Collecting Milkweed Seeds 101
Fall is a great time to collect your Milkweed seeds and there are many things you can do with your harvested seeds. You can save them for next year, give them to friends and family, share with your community or donate them to your favorite Monarch conservation organization!
If you missed out on collecting them in the Fall, you might just get lucky and find some seeds still hanging on in the Spring! This is great because they have already gone through nature's cold stratification period, also known as winter.
Where should I collect? You can collect Milkweed pods from your own garden, on private lands (with permission), public right-of-ways and road sides.
What if I'm not sure how if it's a Milkweed plant? All milkweed species develop a seed pod and they look very similar. Refer to the Milkweed Identification blog if you're not sure how to identify Milkweed.
How much should I collect? The rule of thumb for harvesting wild plants is to leave at least 2/3rds of the plant to ensure that the wild population will continue to thrive.
Step 1: Collecting the Milkweed Pods
Timing is key when collecting milkweed seeds. Here are a couple of tricks to ensure that your seeds are mature and viable.
If the pod is brown and has already popped open releasing their silky fluff, also called coma, you know that they are ready and you can harvest them and remove the fluff later.
However, if you want to avoid the fluff and be able to take the seeds off neatly and easily, here is a little trick.
I look for green seed pods and the first thing I do is squeeze the seed pod. If I hear a gentle pop and see that the pod has split at the suture, then I look inside. If the seeds are a nice toffee brown then I know they are mature and I can collect the pod. However, If the seeds are white or tan, I don’t collect them and let them continue to mature on the plant.
Milkweed seeds can mold easily so I like to use a breathable paper bag or cardboard box when I'm out collecting.
Step 2- Removing the Seeds from the Husk
This is a fun and relaxing activity. I’ve already collected my light green seed pods that have row after row of beautiful tightly packed seeds. I let them sit for about 2 weeks so they are dry and easy to remove. I squeeze the pod until it pops open at the suture and grab the narrow end of the pod. Then, I gently pull until the seed follicle comes out of the pod. I then rake my finger nail along the seed follicle, going WITH the grain of the seeds. They should pop right out!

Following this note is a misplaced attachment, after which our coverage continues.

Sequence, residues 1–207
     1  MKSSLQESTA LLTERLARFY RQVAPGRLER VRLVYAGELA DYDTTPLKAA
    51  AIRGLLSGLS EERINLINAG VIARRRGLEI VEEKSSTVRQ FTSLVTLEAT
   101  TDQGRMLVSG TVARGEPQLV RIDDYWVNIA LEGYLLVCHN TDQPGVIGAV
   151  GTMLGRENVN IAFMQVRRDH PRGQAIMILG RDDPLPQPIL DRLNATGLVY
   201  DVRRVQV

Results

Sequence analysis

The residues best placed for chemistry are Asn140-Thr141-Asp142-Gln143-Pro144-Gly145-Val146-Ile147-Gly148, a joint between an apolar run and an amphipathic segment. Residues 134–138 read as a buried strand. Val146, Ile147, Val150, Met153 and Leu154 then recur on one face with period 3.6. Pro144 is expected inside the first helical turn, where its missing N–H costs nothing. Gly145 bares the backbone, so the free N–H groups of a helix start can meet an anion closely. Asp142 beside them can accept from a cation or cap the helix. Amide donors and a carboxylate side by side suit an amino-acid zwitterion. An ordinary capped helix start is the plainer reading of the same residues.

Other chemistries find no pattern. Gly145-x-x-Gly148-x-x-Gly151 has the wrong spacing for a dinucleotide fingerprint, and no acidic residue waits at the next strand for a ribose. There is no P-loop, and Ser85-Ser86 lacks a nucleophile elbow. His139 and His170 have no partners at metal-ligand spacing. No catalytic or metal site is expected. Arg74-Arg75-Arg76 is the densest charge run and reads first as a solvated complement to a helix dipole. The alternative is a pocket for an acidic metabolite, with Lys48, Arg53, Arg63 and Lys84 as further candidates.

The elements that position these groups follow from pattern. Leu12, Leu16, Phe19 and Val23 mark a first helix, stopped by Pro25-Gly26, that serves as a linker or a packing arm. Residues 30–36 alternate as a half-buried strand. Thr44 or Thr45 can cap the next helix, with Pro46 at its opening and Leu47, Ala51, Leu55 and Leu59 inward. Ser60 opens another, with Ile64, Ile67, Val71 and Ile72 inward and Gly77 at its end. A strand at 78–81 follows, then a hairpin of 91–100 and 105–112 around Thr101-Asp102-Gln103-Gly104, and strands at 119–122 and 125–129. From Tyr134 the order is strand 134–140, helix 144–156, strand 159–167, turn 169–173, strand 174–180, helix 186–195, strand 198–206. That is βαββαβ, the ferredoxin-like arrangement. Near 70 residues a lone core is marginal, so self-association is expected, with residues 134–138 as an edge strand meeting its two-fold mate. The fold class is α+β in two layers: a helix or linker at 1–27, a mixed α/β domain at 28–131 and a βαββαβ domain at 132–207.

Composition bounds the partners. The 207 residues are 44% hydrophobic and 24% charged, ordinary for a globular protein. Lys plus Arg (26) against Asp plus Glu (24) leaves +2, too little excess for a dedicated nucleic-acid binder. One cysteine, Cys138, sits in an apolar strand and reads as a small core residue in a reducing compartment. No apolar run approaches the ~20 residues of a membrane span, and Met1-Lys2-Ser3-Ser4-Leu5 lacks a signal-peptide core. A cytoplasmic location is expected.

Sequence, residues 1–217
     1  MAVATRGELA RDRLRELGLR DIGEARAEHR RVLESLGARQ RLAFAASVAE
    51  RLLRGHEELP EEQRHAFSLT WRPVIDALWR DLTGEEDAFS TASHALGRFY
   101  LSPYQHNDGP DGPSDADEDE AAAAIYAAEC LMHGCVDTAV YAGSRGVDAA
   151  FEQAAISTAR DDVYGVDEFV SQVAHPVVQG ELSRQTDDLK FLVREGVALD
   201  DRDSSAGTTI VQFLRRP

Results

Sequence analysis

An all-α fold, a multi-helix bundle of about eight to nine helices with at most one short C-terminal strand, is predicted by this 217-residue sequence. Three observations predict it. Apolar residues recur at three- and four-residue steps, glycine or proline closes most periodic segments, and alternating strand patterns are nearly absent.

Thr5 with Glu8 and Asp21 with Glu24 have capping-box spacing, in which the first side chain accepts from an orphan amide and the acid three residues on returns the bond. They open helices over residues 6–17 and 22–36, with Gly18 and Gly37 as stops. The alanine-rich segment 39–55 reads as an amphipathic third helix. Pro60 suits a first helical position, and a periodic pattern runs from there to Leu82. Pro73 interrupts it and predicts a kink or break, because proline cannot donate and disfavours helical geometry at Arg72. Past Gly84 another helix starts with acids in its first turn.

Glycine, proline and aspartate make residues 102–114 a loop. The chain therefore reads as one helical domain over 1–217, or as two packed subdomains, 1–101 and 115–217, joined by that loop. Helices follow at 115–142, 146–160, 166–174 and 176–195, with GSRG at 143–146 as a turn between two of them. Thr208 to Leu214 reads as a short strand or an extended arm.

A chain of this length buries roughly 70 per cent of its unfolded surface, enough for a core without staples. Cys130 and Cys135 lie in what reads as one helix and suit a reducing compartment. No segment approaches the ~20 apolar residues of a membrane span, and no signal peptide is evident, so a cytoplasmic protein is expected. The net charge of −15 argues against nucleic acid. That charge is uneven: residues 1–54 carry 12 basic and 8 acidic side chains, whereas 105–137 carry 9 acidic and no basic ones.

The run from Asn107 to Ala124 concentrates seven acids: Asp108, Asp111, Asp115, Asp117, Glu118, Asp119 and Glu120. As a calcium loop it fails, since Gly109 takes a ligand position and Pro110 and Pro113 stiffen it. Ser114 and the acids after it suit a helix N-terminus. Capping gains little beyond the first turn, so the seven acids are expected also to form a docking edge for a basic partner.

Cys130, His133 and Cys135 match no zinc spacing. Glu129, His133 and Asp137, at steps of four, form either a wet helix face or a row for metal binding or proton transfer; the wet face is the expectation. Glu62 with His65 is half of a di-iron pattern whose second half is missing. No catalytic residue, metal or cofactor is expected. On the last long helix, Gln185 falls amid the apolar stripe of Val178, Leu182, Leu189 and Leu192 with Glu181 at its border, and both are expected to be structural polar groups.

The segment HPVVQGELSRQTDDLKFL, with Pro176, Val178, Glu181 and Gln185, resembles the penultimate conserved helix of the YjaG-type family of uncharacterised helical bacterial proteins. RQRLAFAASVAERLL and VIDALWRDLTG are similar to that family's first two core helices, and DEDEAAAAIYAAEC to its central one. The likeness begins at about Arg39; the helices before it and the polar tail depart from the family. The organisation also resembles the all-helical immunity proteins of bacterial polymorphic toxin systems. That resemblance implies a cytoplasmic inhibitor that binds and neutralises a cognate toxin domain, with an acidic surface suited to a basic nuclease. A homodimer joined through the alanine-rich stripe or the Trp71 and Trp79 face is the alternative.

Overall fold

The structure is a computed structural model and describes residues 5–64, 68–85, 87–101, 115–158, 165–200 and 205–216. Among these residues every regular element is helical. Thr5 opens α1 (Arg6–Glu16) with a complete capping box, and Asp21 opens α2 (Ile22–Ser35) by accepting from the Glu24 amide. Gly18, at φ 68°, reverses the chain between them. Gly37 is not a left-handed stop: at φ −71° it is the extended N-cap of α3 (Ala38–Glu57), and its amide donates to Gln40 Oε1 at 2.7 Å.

To see a video of this process click here.
Step 3- Drying
After you remove the seeds, you’ll want to let them dry out for 3 days to a week. I like to let them dry on cardboard in a well-ventilated area. A porch, mudroom, barn, or shed works well for this. If you are harvesting in the Spring, you can most likely skip this part unless it is after a rain.
Step 4- Storage
Once they have dried out, I store them in small manilla envelopes and date them. I do not store them in plastic bags because this will often cause them to mold since it is not a breathable material.
Step 5: Cold Stratification
After you have dried your seeds, you can place them in a cold, dry place for the winter so they can go through a cold stratification period. This will increase their germination rates. Another option is to sow them in the ground in the late fall so they naturally go through a stratification period.
You Can Donate Your Seeds To Save Our Monarchs Foundation
If YOU have seeds to donate from your own plantings, you can:
1) Donate it to Save our Monarchs via postal mail
Save Our Monarchs Foundation
P.O. Box #390135
Minneapolis, MN 55439
2) Save them for the following year and plant in the spring after a period of cold stratification.
3) Sow them in the ground in the fall or winter and they will sprout in the spring!